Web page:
How Long Do Fleas Live After Bombing?

Fleas, from the order Siphonaptera, are small insects that feed on the blood of furry mammals and (occasionally) birds.

They are wingless, brown in color, flattened from side to side, and have a short beak with which they pierce the skin to suck the blood. 

To get rid of them, many people resort to insecticides known as “flea bombs”.

How long do fleas live after bombing?

Most adult fleas will die within a few hours of bombing, and most living fleas in the area will be dead by the end of the day. That’s the good news. But the bad news is that these bombs don’t impact flea eggs, so they won’t necessarily get rid of your flea problem!

In this article, we’ll look at fleas and flea bombs, and how effective they are at getting rid of infestations.

What Is Flea Bombing?

A flea infestation can be treated with various methods such as vacuuming carpets and furniture, washing bedding and clothes in hot water with detergent, and using insecticides like flea bombing.

Flea bombing (also known as fogging) is a process in which a chemical is released on the ground that is lethal to fleas and ticks. 

The chemical released through the bombs can be toxic if inhaled or ingested, so it is important to keep pets and children away from the area during and after treatment, and for hours afterward

. Flea bombing uses a fogger to spread insecticide all over the sealed area. The method controls fleas or other pests like roaches and ticks. 

The chemical released through the bombs can be toxic if inhaled or ingested, so it is important to keep pets and children away.

Flea bombing is done in several ways.

One way is using a fogger, which will cover an area with insecticide. Another way is using a canister, which will create an aerosol covering an area with insecticide. The flea bombs are usually in the form of a fog released over the house.

The fogger’s nozzle produces a steady stream of insecticide spraying over the infested area. 

Where Do You Bomb?

The first step is to find out where the flea bomb needs to be placed.

It is placed near where the pet spends most of its time, such as on a bed or sofa, or near where they sleep, like on a carpet or rug (or even occasionally a hardwood floor).

The second step is to ensure that all pets have been removed from the area before releasing the bomb because it can be harmful if they come into contact with it.

The third step is to open windows and doors before releasing them so the chemical doesn’t linger in one spot.

How Long Do Fleas Live After Bombing?

Fleas are notoriously hard to eradicate as they are resilient creatures. They can survive for weeks without a host and also withstand extreme temperatures and harsh chemicals.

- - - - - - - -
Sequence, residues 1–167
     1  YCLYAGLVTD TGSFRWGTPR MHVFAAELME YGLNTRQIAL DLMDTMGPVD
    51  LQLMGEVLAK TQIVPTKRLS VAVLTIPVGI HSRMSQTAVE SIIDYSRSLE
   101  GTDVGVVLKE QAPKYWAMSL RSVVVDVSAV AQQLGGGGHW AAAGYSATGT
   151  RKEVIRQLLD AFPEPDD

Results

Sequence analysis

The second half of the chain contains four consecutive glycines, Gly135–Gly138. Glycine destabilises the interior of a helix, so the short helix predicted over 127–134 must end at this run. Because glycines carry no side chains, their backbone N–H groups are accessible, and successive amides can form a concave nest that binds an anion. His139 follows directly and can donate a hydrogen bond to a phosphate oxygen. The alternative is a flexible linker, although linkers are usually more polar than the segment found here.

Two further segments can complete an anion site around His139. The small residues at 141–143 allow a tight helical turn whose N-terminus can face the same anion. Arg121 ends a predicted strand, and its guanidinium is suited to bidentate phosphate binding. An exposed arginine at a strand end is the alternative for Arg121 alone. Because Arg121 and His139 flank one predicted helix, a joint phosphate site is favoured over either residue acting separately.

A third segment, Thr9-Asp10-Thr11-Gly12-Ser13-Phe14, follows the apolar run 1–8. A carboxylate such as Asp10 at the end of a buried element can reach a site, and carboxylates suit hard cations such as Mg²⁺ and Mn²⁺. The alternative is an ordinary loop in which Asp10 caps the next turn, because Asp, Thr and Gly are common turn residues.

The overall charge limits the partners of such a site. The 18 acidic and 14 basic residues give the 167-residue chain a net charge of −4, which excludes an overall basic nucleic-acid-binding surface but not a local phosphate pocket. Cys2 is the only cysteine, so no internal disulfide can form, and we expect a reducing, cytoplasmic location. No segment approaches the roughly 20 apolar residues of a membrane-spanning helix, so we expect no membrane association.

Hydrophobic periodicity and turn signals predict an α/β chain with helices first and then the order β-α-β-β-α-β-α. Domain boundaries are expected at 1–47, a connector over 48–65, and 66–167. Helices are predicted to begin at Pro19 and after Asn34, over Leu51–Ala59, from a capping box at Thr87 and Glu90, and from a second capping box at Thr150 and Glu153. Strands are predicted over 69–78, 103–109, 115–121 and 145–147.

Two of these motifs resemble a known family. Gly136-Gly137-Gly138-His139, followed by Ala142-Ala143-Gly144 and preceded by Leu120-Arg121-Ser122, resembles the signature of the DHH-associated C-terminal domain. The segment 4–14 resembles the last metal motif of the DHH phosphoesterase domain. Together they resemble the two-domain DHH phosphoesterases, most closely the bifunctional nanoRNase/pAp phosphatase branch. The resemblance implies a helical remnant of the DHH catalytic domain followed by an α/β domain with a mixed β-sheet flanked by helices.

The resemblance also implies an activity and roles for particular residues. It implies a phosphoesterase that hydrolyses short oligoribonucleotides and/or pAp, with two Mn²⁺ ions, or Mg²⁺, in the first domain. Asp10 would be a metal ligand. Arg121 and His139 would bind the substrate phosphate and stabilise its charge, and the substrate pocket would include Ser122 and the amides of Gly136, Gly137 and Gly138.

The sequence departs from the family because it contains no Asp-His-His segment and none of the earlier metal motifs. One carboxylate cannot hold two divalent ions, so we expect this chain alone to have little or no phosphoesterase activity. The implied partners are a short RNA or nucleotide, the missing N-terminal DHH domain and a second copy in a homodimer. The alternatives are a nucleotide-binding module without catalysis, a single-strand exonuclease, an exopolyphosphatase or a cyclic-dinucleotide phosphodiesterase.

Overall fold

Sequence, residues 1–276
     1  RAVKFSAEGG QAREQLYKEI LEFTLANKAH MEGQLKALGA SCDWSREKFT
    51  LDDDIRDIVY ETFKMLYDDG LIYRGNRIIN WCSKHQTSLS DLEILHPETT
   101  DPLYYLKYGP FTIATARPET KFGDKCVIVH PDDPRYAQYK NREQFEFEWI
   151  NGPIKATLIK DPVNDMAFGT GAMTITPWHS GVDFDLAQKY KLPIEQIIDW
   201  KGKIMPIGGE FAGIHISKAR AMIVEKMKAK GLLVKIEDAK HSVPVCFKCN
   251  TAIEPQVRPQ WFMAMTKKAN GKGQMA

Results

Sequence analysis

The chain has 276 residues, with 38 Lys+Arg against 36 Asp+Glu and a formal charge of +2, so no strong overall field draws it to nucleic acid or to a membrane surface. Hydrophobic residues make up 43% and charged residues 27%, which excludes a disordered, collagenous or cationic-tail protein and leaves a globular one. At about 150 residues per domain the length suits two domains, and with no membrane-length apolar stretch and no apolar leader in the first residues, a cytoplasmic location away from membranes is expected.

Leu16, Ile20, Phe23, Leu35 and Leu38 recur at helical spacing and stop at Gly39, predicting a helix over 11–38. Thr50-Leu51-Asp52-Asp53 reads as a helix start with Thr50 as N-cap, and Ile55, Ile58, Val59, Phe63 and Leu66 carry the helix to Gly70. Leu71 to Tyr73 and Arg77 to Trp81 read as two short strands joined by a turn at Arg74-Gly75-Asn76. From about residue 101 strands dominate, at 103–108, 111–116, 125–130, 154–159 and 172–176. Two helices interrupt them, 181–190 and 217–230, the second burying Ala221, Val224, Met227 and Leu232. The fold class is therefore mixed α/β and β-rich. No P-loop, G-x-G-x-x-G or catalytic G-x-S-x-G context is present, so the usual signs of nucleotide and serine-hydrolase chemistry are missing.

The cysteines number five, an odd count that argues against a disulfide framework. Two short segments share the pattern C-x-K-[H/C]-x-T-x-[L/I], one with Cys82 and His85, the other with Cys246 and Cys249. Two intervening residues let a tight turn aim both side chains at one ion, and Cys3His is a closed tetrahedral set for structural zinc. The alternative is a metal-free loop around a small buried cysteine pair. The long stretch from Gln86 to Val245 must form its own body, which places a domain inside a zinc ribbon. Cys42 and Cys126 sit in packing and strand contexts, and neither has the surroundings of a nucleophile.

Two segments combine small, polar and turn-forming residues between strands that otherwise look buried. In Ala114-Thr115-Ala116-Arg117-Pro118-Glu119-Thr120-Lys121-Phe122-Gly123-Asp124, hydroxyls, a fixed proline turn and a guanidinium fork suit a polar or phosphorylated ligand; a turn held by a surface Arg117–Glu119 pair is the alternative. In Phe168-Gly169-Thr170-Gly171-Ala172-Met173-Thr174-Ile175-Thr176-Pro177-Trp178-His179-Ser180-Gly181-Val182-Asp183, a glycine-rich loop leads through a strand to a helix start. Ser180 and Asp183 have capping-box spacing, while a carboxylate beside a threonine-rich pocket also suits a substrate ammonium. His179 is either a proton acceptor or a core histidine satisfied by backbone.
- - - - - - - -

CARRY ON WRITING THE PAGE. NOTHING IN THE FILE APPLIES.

Adult fleas take a couple of hours to die during flea bombing. But if any of the adults survive, they will also die within two weeks without a host. Hence, leaving the treated area for a minimum of 14 days is necessary to get the best results.

But 14 days is a long time to vacate your house. And that’s not even mentioning the eggs. 

In most cases, assuming the house was sealed properly, flea foggers will work… for living fleas, at least. But they don’t work so well on flea eggs!

Any surviving eggs may result in the flea infestation reigniting after a short while.

Any surviving eggs may result in the flea infestation reigniting after a short while.

Unfortunately, the new adults will continue to emerge and re-infest your home until you eliminate these eggs and larvae.

Some flea foggers advertise themselves as capable of killing eggs, but the reality is that they are much less effective at killing eggs than they are at killing adult fleas.

How to Identify Fleas

Flea larvae look like tiny white worms with brown heads. They can be found in carpets, bedding, and furniture near where pets sleep or rest. They’re just barely visible to the naked eye and are of a similar scale to fruit flies. Often fleas and fruit flies are confused, here’s how to tell them apart.

Flea eggs are tiny yellow or white specks that stick to the fur of your pet or carpet fibers near where they sleep or rest. 

If you suspect your pet has fleas but don’t see any eggs or larvae around, then you can use a special type of light called black light to help identify them. Fleas are about 1/4 inch long and reddish-brown.

They have a pair of strong claws to grasp their prey and a needle-like probosis to suck blood from the host’s skin.

Is Flea Infestation Dangerous?

Flea infestation is dangerous as it can cause severe anemia in animals with low immune systems. Fleas can also transmit diseases such as bubonic plague, murine typhus, and cat scratch fever, which are life-threatening conditions for humans. 

A flea bite is not painful to humans, but it irritates.

The saliva from the flea contains a bacteria called Rickettsia Typhi. The most common misconception about fleas is that they only pose a risk to pets.

In reality, fleas can pose a serious health risk for humans. 


Adult fleas will live up to a few hours after bombing.

The flea bombing method is on the order of 60% effective, as bombs don’t typically kill flea eggs. Therefore, you should also use other methods after flea bombings, such as spraying and vacuuming, to eradicate flea infestation.

Many are unaware of the importance of vacuuming after a flea bombing. 

They assume that it will be enough just to bomb the house. However, this is not true.

Vacuuming removes the dead and dying fleas from your carpet, furniture, and other areas where you have sprayed the flea bomb.

Good luck!